Six of the last seven systems experienced rapid intensification — defined as an increase in winds of 35 mph in 24 hours. This would be unusual at any time of the year, but the fact that these were all Greek alphabet systems, having occurred so late in the season, makes it all the more remarkable.

In total, 10 systems met the criteria for rapid intensification in 2020, tying a record established in the active 1995 season. 

Even more impressive is that a record four systems "rapidly deepened" in 2020, meaning the pressure dropped more than 40 millibars in 24 hours. The two fastest pressure drops came at the tail-end of the season in November, when activity usually wanes — Hurricane Eta followed by Hurricane Iota.

Simply put, this is unprecedented. But if you dig into the data the reason is clear. The western Caribbean is already the home to the highest ocean heat content in this part of the world. But climate change is quickly boosting that heat past thresholds which were rarely reached in the past. The warmer the water, the stronger a storm can get. 

The trend is clear in the red line below, showing the quick upward trend in the number of late-season days where sea surface temperatures exceed 83 degrees Fahrenheit.

This is also supported by science. In Emanuel's 2017 paper, he finds that a storm intensifying 70 mph in the 24 hours before landfall — a feat almost accomplished by Iota — used to occur only once per century as of the late 1900s, but by later this century it will happen once every 5 to 10 years. And this 2018 paper finds that rapid intensification has increased by 4.4 mph per decade since the 1980s, meaning if a hurricane increased its winds by 40 mph per day in 1980, then it would be likely to intensify by 60 mph per day now.

Seven Category 5 storms in 5 years

Until mid-November, one check-box left unchecked this season was a Category 5 hurricane. That changed when Hurricane Iota attained winds of 160 mph. It is the most intense storm on record that late in an Atlantic hurricane season. 

In each of the last five hurricane seasons we have seen at least one Category 5 hurricane — seven of them in total. This is a significant feat considering that in the last 170 years, the National Hurricane Center estimates there have only been 37 Category 5 storms. This means the chance of any given year yielding a Category 5, historically, is only about 20%.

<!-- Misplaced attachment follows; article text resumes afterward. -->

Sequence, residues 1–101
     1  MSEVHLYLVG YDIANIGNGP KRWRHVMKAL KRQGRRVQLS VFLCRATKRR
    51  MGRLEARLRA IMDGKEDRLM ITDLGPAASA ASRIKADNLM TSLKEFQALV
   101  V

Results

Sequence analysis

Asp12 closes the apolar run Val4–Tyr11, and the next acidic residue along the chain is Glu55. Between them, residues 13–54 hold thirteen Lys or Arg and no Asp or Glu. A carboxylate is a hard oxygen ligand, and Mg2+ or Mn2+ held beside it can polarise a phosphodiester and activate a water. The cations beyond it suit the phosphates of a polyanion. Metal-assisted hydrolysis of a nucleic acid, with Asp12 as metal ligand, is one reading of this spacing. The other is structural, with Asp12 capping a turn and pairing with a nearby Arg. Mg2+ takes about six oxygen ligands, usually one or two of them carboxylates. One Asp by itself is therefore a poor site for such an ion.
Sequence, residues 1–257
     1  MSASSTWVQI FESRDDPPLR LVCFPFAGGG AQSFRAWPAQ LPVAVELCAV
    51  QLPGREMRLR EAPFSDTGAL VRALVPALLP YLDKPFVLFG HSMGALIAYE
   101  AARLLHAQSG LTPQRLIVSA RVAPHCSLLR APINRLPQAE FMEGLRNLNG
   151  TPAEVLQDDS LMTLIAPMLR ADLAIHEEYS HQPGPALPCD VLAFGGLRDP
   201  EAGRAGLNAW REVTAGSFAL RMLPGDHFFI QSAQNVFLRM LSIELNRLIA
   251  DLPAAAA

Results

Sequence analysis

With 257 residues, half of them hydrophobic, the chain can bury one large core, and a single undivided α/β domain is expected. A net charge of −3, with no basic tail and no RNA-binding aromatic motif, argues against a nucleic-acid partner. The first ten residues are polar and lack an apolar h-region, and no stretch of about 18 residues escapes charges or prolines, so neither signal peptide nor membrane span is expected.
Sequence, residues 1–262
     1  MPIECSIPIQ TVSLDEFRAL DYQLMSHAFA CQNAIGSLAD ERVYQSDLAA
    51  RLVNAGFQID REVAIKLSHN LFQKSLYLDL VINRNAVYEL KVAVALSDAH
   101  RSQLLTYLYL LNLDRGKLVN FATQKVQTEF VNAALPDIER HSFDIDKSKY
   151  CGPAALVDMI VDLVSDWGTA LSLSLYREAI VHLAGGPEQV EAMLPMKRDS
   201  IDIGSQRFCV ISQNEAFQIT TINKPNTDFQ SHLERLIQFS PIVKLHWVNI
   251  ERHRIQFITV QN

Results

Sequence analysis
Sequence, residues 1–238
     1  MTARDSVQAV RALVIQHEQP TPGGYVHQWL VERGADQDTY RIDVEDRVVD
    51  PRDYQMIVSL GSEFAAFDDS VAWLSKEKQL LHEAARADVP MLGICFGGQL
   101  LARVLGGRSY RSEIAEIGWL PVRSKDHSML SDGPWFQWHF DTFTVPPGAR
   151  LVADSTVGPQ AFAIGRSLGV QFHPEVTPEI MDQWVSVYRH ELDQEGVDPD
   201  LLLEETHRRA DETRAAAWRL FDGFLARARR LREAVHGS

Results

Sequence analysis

It's not coincidence, it's climate change. In the past 120 years the Tropical Atlantic has warmed 2 degrees Fahrenheit. Theoretically, for every 2-degree Fahrenheit increase in ocean warming, a storm can gain almost 20 mph in peak wind speed. 

The latest research supports this trend in stronger storms. In a paper published earlier this year, NOAA's Dr. James Kossin found major hurricanes (Category 3, 4 and 5) are indeed increasing. Kossin told CBS News, "Globally, there's about a 25% greater chance now that a hurricane will be at major hurricane intensity than four decades ago. In the Atlantic there's about twice the chance."

This matters because the power and corresponding damage potential of a hurricane increases exponentially as the winds increase. In fact, 85% of the damage from all hurricanes is caused by the major hurricanes. So, if you have stronger hurricanes you are likely to have exponentially more damage.

Record U.S. landfalls

So far this season there have been 12 U.S. landfalls, shattering the old record of nine set in 2016. In what was a relentless season for people living near the Gulf of Mexico, nine of this year's landfalls happened along the U.S. Gulf Coast and five of them occurred in Louisiana.

And in what may be the most freakish of occurrences, dual hurricane landfalls occurred just miles from each other on three occasions: Laura and Delta in Louisiana, Delta and Zeta in Mexico's Yucatan, and Eta and Iota in Nicaragua. 

Where 2020 fell short

While 2020 overperformed in nearly every category, there is one surprising statistic which was not all that impressive: Accumulated Cyclone Energy (ACE). This is a widely used metric for meteorologists to estimate the intensity of a hurricane season because it is an aggregation of the strength and longevity of all storms.

To be sure, ACE was far above the normal season, but it fell far short of what would be expected for 30 storms. To date, the total ACE for the 2020 hurricane season is 178, nowhere near the record of 245 set in 2005. That's because 2005 also had four Category 5 hurricanes, compared to only one this year; more hurricanes overall than 2020; and longer lasting storms, too. 

The 2004 season, featuring hurricanes Charley and Ivan, had only half the number of storms of 2020 yet produced more ACE. 

So why did 2020 underperform in the ACE department? One reason is that the first half of the season produced mostly weak systems. And unlike 2005, when many of the hurricanes were long-track storms, most of the strongest storms in 2020 formed closer to land so they did not last as long. This was especially true for the end-of-season Greek alphabet named storms, many of which formed in the Caribbean and made landfall shortly thereafter. They just did not have the time to accumulate as much ACE.

While many of the records set in 2020 will likely stay in the record books for years to come, one thing is certain: As long as society continues to release heat-trapping greenhouse pollution, climate change will continue to power hurricane seasons that defy the odds.